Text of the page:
The only evidence I can find that Jung did so is that for years he
kept Jews out of his inner circle, and when he finally did admit them
in the late 1920s, they were not observant. Also, in 1989, it was
revealed that a secret Jewish quota existed in his pyschological
society in Zurich. That certainly doesn't look good. And when Jews
were leaving Germany for England and other locations, Jung advised
his followers in England to keep up their "negative feelings" about
Jews and resist allowing Jews into their groups.
You could argue that he was simply psychologizing the situation and
warning his followers to beware of their 'shadow selves.' Jung would
psychologize everything, including political situations, and one of the
ways he viewed the rise of the Nazis is that "after the darkness
comes the light." He felt that things needed to be shaken up before
rebirth could occur. Well, that's great for some people, but not for
others. Apparently that never crossed his mind.
RH: Another thing that never crossed his mind is 'cryptomnesia,'
or 'hidden memories.' He never seems to have considered the
possibility that his visions of being a lion-headed Christ might have
something to do with the books he'd read.
RN: And I know what he was reading then. For nine years,
Jung built his career as an experimental psychologist on examining
the human memory. He proved to himself in experiment time and
again that we continually distort our memories, that we
unconsciously plagiarize at times. He showed repeatedly that people
could forget that they had been exposed to materials, then have
elements of those materials appear in their consciousness or dreams
and feel 'new.' It happens all the time, like when George Harrison
didn't realize that the melody to "My Sweet Lord" was the same as
"He's So Fine."
So Jung, who's read extensively in spiritualist and occultist texts,
documents this memory process at length, and then in December
1913 he has an experience in which he becomes a lion-headed god.
That was such a transformative experience for him that within
months he's developed a theory about cosmic and archetypal forces
that influence everyone. Then he surrounded himself with
patients who had been steeped in spiritualism, Theosophy, and other
forms of occultism. They're drawn to Jung because they know he's
into occultism as well. And when they have dreams with occultist
imagery in them, Jung thinks this is direct evidence of a collective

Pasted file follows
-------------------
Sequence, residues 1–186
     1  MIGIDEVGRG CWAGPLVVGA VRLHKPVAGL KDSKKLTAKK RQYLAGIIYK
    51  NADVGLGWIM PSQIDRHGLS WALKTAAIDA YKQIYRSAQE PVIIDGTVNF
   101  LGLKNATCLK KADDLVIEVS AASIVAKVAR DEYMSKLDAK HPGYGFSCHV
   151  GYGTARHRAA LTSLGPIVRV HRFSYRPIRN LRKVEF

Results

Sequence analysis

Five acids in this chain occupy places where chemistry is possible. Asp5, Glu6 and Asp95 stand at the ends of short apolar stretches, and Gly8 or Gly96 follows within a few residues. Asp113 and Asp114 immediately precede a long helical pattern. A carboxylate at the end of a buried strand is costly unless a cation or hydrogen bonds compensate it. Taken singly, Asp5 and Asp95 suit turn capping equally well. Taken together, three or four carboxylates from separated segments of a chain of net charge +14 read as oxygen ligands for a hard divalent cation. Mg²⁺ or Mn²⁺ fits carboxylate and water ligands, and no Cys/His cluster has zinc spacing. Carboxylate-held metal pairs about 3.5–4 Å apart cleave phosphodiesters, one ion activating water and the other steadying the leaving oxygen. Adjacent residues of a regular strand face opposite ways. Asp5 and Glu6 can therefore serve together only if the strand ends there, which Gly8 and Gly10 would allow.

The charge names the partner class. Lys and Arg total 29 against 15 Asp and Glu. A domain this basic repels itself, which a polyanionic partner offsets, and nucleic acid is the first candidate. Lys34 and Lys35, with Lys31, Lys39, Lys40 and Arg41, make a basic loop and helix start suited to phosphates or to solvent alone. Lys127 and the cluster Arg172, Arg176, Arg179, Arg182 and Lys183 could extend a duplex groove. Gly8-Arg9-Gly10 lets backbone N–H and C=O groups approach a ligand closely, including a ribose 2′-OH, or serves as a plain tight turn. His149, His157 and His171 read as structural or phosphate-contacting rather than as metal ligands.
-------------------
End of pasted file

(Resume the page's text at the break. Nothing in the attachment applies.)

unconscious outside the realm of their personal experiences. He was
participating with these people in a shared delusion; it's such a
massive error in his logic.
RH: It's amazing to me how little Jungians know or are willing to
know about the origins of Jungian teachings, and how much of a
personal affront they consider it when people like you so much as
raise the issues.
RN: That's disturbing. I once thought that the whole Jungian,
psychoanalytic thing was about consciousness, you know, facing up to
stuff that might be disturbing. So when I bring stuff up, and Jungians
respond by ignoring it, refusing to read it, or claiming that it's
untrue, it's kind of sad to see that kind of irrational response, but it's
RH: And you're not even saying that polygamous occultism is
necessarily a bad thing.
RN: No, I'm not, but that's what they're hearing. I just want
them to accept that that's the foundation of their beliefs. I'm open to
all sorts of things as long as we're all clear about what those things
are. There is no scientific evidence to support the collective
unconscious, yet analysts with medical degrees claim to help their
patients to tap into it. As a society, do we want medical insurance to
cover that sort of thing? Where's the line between religion and
medicine? Sometimes I feel like the Ralph Nader of the Jungian
world, but I've seen so many people who have been harmed by this,
people who need to have their screws tightened rather than
loosened. And in Jungian circles, critical thinking is looked down
upon. It's devalued in favor of emotion or intuition. That bothers me,
as does the idea that myth and the emotional response to myth is
more important to historical facts. To Jung, it didn't matter whether
or not a story was true. What mattered was the effect on the listener,
how it makes him or her feel.
RH: We've seen that attitude gain in popularity in the last decade
or so, and I believe we can pin it down to a very specific moment:
Joseph Campbell and Bill Moyers on PBS.
RN: You're absolutely right. That did more to promote Jungian
thought than anything during that period. Campbell was charismatic,
he was great on TV, and what he was spouting was pure Jung.
RH: And Moyers has run with that ball ever since. In 1996, it was
"Let's do a series about Genesis, and our need for origin
RN: I'd like to see somebody do a series on the need for
critical thinking and skepticism. Carl Sagan nailed it pretty well in
The Demon-Haunted World, and although he could be too smug
at times, he addressed the issues straight on and his 'baloney
detection kit,' a guide to critical thinking, is something I'm going to
use in my classes when these issues come up. People forget that it's
okay to think, to analyze situations, and they need to be reminded